It was about time I got on to the internet – TV bandwagon. About time – and then some as my friends would say.
Anywhoo. A recent holiday with about a fortnight of “free from slavery chores (AKA the un-glorified un-glamorous relentless and all-encompassing running of house chores, while juggling a start up enterprise) rendered my brain available to watch a little “Prime time” TV series. Almost instantly I latched on like a leech to the Marvelous Mrs Maisel and devoured series 1 in the space of about 4 days – watching a few marathon back to back midnight oil burning episodes. Boy did I enjoy season 1.
Up unto this point, I wasn’t completely unaware of the series, I knew that it had swept awards the previous year and I also knew that plenty of the cast comprised of stellar actors, several from the stage, none really mainstream. This itself was promising to me. What got me totally hooked from the 1st episode was not entirely the pro feminist theme, however. It was a combination of a recreation of the 50s and a fresh almost “stage musical” kind of screenplay and direction. What also is particularly appealing is the sheer speed which this series progresses. I know I’m new to Internet TV but this one is fast. It does not drag or linger – at all. But basically it’s mad, its fun !
My favorite character is undoubtedly Alex Brostien’s Susie. Midge is a bit unhinged for me. Too impulsive, though thoroughly entertaining. The others I particularly liked are her parents. Tony Shalhoub’s rendering of the obsessive compulsive Columbia mathematician is superb. And kudos to Marin Hinkle on playing a slightly older than her real age and totally nailing the quintessential upper west side Jewish mom from the 50’s.
Anyone who knows me well enough knows that if there was a time machine, and I could go back and visit a decade it would be the 50s Americas. The glorious post war – motor era that saw the shiny new promise of modernization. For all my romanticizing this era, a show like MMM is an eye opener an issue I did know existed deeply in the so called developed world even then (and still does in spades in several parts of the world) – male chauvinism. MMM slaps you in the face with this very issue. Right from the man leaving his wife for a secretary – degrading both and stereotyping both as one disposable, one available. The scorn of accepting a female comic – she could be a singer or dancer “darling” on stage, but comedienne ? haaw? The utter disdain and blatant propositioning of fellow comics to an upcoming female colleague. Denial in part of the family in accepting her path of independence, especially her mother who will be content as long as she “marries well again”. More so, even if the husband can accept and recognize her onstage talent for what it is – sheer genius, he does not expect her to “work again” once they reconcile.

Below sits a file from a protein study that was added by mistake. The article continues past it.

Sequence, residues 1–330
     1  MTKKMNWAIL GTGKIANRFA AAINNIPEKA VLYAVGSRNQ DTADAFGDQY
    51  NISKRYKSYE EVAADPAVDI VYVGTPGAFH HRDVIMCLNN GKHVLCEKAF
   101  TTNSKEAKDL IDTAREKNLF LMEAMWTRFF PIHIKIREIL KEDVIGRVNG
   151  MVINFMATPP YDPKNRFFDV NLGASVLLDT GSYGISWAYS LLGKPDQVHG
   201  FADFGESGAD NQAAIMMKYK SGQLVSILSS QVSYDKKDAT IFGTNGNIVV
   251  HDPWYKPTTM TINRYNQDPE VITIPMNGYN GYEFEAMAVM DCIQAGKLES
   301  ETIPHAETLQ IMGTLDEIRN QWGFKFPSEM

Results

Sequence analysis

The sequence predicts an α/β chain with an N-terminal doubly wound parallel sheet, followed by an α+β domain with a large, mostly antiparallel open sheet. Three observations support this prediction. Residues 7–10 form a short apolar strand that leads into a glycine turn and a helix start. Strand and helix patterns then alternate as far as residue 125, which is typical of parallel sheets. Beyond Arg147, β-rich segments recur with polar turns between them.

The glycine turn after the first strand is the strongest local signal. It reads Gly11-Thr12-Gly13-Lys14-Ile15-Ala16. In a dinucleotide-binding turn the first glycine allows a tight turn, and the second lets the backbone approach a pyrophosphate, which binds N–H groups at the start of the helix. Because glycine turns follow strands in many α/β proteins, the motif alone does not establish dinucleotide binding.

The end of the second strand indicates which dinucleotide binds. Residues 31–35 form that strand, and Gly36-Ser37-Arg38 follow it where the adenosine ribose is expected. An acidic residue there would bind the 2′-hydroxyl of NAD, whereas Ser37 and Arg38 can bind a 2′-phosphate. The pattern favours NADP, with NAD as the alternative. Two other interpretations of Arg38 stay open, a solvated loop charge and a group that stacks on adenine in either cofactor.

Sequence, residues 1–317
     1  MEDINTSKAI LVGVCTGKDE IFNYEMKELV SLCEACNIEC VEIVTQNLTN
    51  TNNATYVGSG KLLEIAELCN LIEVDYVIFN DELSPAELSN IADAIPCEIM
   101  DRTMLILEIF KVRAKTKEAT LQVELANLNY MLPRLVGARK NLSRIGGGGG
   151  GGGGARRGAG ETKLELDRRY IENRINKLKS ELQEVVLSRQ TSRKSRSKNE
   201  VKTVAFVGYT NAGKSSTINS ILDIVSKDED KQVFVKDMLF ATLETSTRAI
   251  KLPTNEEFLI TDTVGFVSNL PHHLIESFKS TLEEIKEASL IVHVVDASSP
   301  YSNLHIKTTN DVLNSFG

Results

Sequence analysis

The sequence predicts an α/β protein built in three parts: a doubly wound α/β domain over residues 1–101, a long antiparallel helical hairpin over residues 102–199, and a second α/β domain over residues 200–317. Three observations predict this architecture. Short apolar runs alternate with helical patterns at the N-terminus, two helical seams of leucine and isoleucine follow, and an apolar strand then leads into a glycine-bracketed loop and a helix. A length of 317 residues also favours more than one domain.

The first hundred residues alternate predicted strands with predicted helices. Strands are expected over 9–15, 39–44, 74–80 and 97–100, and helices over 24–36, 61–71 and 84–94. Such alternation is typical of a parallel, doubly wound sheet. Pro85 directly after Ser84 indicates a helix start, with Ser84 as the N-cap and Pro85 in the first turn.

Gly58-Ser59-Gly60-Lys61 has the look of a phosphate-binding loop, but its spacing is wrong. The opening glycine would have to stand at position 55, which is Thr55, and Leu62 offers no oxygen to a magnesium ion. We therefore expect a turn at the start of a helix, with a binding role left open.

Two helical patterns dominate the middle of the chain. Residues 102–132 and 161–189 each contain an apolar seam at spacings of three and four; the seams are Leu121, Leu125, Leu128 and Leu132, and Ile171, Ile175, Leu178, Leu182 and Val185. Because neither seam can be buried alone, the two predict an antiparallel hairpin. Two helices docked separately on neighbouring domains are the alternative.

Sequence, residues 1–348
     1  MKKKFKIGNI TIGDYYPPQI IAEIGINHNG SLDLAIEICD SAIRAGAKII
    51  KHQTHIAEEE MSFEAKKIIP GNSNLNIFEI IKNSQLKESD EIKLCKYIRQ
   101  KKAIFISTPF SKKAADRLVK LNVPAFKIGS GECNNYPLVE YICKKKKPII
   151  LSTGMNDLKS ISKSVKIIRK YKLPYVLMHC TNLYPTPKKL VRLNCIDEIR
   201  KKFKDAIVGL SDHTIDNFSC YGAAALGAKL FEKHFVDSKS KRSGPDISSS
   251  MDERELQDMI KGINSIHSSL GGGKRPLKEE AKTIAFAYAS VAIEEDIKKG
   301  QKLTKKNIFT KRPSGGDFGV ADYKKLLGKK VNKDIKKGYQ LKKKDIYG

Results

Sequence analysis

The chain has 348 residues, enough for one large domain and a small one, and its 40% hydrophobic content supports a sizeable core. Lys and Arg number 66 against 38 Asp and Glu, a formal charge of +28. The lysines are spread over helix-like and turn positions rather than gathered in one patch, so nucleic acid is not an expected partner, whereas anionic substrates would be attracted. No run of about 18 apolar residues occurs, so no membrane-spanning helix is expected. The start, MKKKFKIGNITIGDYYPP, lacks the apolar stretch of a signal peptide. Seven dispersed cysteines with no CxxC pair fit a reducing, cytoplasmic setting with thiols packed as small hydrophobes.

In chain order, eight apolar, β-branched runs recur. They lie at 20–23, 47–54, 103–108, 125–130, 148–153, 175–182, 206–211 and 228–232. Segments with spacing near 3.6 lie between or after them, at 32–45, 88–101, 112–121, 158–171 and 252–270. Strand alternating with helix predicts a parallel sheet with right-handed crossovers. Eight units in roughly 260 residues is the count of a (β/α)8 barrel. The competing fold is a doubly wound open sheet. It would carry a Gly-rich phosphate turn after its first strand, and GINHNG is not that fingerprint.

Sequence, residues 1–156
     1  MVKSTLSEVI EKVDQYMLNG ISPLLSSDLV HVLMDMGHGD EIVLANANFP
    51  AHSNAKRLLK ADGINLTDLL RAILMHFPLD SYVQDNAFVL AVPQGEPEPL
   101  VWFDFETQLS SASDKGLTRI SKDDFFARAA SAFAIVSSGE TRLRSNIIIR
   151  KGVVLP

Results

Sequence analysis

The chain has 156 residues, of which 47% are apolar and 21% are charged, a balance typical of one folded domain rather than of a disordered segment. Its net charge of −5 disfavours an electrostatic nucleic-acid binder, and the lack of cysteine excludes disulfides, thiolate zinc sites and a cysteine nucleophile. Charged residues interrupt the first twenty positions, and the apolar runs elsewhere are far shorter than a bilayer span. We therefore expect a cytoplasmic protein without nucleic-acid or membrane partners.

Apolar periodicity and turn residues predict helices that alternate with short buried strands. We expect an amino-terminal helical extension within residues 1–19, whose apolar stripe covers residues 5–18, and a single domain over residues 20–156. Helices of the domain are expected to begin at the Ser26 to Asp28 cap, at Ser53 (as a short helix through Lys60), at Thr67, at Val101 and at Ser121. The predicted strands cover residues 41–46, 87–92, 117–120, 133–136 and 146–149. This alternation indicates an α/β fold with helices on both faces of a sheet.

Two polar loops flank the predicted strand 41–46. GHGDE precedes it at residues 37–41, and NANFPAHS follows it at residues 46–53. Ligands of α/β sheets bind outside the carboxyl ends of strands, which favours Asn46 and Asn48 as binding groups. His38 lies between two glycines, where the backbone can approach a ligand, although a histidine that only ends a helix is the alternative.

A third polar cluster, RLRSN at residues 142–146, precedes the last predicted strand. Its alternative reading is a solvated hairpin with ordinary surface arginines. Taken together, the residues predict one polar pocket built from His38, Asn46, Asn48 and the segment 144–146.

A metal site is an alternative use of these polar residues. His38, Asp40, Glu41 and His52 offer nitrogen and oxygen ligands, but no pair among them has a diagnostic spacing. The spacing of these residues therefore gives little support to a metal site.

Season 2 – opened even more as a musical than one and went a bit here and there. The husband tries to make amends and shows some integrity to his wife (redeeming his goodwill among viewers) and even if he seems to have accepted his fate, there is an undertone that perhaps they will get back together after all. What I really liked in season 2 is the end. Where she knows she cannot go back to making jello’s and that she has infact departed too far from being a wife and normalcy. In both seasons however, I am amazed that she is not at all tied down by 2 kids, an infant and a toddler. Perhaps the 50s and 60s were more practical times where one did not really get very involved in child rearing. Both parents made do with the bare minimum interaction needed with their offspring.